- ‘Silver Fir Tree’ – Another mid-sized determinate with fist-sized, red fruit. Most tomato plants themselves are a bit boring but this variety is particularly stunning with ferny, delicate foliage that sometimes takes on a slight silver tone. This was my first favourite determinate until ‘Black Seaman’ came along and knocked it back to second. Keep in mind that I am a huge fan of black tomatoes — no red variety can ever compare!
- ‘Golden Delight’ – Another mid-sized determinate with good-sized fruit. I was not in love with this variety and wouldn’t grow it again but I am also biased since I am not a fan of low-acid, yellow tomatoes. I grew mine in a large metal bucket surrounded by ‘Purple Ruffles’ basil.
- ‘Sunrise III’ – Probably the only hybrid I will ever promote, we fell in love with this variety’s cute egg shape and delicious, juicy flavor. This is a true determinate that is prolific, with a low bush habit that cascades a little over the edges of a 12″ pot. I have taken to growing mine in a broken watering can.
- ‘Black Plum’ – With rich plum-shaped fruit that carry an almost roasted flavour straight off the vine, this is my absolute favourite plum variety hands-down. No contest. Regardless of space, I ALWAYS make room for at least one ‘Black Plum’ plant. While this is an indeterminate (vining tomato), I have included it here because I have always had such great success with it in very large garbage bins. Some indeterminate varieties put out a much smaller batch of fruit when grown in even the largest bins, but ‘Black Plum’ has always stepped up to the plate with a good harvest.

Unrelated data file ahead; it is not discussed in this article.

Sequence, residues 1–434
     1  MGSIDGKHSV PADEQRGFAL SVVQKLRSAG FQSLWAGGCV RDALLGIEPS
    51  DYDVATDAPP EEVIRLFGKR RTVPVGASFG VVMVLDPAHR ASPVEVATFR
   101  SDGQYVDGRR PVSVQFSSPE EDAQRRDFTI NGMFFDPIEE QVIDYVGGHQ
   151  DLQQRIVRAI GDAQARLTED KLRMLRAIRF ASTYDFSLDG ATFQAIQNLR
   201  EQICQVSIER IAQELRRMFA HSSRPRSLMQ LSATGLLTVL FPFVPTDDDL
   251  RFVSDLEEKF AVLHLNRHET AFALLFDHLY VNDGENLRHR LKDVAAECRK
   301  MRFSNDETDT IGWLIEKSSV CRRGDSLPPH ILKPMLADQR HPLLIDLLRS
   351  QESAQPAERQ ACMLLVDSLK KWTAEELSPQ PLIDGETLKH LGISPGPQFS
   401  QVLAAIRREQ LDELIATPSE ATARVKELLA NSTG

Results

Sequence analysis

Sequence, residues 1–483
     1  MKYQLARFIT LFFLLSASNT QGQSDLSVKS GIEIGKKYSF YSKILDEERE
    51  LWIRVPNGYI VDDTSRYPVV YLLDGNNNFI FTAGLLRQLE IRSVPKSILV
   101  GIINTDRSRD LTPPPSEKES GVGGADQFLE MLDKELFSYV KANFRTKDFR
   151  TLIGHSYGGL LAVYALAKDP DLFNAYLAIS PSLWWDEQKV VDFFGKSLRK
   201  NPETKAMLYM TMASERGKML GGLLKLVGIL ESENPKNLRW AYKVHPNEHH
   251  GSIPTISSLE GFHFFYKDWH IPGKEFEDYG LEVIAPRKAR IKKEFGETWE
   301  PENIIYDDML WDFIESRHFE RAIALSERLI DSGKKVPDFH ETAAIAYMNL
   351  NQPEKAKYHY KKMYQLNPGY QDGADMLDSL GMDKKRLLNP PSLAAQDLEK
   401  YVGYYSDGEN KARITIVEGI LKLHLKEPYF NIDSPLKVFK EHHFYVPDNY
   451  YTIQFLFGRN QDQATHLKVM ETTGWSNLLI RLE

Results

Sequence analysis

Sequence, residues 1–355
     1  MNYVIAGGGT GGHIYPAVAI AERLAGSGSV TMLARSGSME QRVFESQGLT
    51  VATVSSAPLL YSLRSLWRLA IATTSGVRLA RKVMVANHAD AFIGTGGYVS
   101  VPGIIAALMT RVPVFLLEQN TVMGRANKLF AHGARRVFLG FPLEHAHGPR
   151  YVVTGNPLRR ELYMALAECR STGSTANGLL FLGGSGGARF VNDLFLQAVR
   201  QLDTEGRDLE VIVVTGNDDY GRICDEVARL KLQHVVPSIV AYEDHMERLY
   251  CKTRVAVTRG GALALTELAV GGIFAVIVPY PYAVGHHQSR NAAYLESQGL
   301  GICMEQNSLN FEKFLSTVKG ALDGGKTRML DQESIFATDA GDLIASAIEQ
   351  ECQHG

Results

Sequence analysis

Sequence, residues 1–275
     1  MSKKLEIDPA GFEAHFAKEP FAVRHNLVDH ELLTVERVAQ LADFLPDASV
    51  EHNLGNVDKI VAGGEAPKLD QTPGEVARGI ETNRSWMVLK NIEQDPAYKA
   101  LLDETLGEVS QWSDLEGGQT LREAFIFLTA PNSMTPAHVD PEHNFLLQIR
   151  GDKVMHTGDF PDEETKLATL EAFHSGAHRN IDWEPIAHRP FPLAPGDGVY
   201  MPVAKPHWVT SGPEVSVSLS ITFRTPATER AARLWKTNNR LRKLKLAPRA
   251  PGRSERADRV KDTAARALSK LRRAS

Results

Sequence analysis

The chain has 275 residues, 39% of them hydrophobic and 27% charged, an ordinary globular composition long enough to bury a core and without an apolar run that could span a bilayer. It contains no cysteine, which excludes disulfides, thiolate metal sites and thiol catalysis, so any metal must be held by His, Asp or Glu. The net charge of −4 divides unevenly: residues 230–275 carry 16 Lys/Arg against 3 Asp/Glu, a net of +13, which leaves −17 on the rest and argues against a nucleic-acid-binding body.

- ‘Green Sausage’ – If you love ‘Green Zebra’, you’ll love ‘Green Sausage.’ This variety produces a ton of really pretty, stripey, elongated fruits that are good for sauces and chutneys. I have grown them as an experiment but will never grow them again since I am one of the few who do not like green tomatoes, period.
- ‘Principe Borghese’ – I would consider this a large determinate variety. I grew this in the same garbage bins I use for indeterminate plants and would not suggest something smaller. It was very prolific producing lots of small, red fruit that are supposed to be good for sun drying. We opted for oven drying and were not disappointed.
These are the vining type. They can be grown in containers just be sure to use the biggest container you can find — I use garbage bins — growing one tomato plant per container only! Growing a few basil plants around the edges will use up that extra surface space.
- Black Pear – Last year’s new favourite. Mine were not terribly prolific in containers. I would suggest growing in-ground if you can. See what it looks like inside.
- ‘Black Krim’ or ‘Cherokee Purple’ – I can’t tell the difference between these two black varieties and have taken to thinking of them as interchangeable. I am still sitting on the fence as to whether I prefer them to new-comer ‘Black Pear.’